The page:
Whether Nature Exists?

Objection 1: It seems that Nature does not exist; because if one of two contraries be infinite, the other would be altogther destroyed. By the word “Nature” means that she is infinte disregard. If, therefore, Nature existed, there would be no good discoverable; but there is good in the world. Therefore Nature does not exist.

13 thoughts on “Whether Nature Exists?

  1. Come again? Is this a quotation of some kind? What does the sentence “because if one of two contraries be infinite, the other would be altogether destroyed” mean? Or this sentence: “By the word ‘Nature’ means that she is infinite disregard.”? Who means that? You are responsible for a very very confused morning – but it sounds promising…

  2. I’m with Lou – the paragraph is altogether too condensed! I’m interested in the topic – I’ve been thinking a lot about the idea of “nature” in the “state of nature” scenario used in the late seventeenth and early eighteenth centuries. Likely not the nature you’re talking about, though.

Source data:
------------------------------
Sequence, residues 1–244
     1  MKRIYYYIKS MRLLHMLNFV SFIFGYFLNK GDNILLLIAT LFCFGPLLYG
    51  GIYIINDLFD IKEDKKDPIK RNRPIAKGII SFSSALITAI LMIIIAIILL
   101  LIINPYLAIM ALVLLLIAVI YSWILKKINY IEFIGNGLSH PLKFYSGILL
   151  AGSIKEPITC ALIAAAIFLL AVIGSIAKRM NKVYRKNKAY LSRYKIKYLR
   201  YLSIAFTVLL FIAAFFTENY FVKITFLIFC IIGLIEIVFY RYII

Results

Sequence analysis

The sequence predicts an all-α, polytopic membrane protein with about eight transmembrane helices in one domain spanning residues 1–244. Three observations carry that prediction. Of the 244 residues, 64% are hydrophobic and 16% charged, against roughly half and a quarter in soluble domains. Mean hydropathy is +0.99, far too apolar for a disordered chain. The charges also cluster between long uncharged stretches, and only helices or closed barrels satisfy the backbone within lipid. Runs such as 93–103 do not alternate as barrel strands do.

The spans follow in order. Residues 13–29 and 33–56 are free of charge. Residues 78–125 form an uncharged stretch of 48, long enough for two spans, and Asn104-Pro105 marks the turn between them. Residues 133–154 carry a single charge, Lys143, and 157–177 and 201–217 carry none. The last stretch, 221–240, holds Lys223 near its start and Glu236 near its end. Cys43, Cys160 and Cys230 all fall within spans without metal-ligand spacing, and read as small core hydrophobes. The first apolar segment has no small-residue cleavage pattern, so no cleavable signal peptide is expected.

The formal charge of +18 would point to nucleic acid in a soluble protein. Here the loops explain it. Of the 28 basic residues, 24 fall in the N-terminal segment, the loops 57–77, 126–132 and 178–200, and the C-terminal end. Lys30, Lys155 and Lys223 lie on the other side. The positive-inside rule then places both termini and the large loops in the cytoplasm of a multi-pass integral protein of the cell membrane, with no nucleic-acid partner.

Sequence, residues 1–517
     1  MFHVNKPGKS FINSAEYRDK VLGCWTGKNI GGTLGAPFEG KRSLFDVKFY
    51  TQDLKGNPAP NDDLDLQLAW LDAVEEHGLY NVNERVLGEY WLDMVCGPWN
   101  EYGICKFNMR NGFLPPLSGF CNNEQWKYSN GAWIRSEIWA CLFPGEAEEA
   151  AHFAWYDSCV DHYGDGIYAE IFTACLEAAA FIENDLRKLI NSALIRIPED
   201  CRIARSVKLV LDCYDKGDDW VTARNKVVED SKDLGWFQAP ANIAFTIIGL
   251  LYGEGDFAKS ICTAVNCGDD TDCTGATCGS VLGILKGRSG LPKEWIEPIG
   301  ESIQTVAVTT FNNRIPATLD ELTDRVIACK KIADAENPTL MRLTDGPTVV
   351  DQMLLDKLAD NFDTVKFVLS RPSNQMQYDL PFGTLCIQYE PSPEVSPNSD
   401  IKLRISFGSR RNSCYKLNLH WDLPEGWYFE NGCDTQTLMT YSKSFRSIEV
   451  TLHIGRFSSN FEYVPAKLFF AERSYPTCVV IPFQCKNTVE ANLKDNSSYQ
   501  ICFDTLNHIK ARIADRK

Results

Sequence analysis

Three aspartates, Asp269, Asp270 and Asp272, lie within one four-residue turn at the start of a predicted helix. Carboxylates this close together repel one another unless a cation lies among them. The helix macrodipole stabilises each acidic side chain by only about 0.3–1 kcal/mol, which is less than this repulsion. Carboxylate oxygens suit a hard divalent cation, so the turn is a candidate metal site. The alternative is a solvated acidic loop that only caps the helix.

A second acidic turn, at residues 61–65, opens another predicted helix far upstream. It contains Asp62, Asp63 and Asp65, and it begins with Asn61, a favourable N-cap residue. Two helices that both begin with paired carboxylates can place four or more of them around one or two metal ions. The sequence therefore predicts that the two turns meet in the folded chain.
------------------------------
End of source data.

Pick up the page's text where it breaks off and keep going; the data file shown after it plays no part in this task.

3. Ha Lou, you’ve discovered this blog as well – myself I wonder if this issue was partly addressed, if not solved, by the Great Prussian with his discussion of the “world” – but, of course, it will all depend on what the hell this “Objection 1” paragraph means – on the lighter note, I do hope that the old Scholastic jargon makes a triumphant return…

  4. discard wins the prize.

    I’ll try to update this tomorrow. It might help if you know that one of the problems I’m looking at that I think complicates philosophy of religion and philosophy of nature is the problem of evil. Think of this as a kind of mash-up of Thomas and Spinoza.

  5. i think “the best of possible worlds” thing is definitely underappreciated – it’s solid in its theological oomph and, at the very least, shows some dedication to the argument – but i suppose we’re getting ahead of ourselves here…

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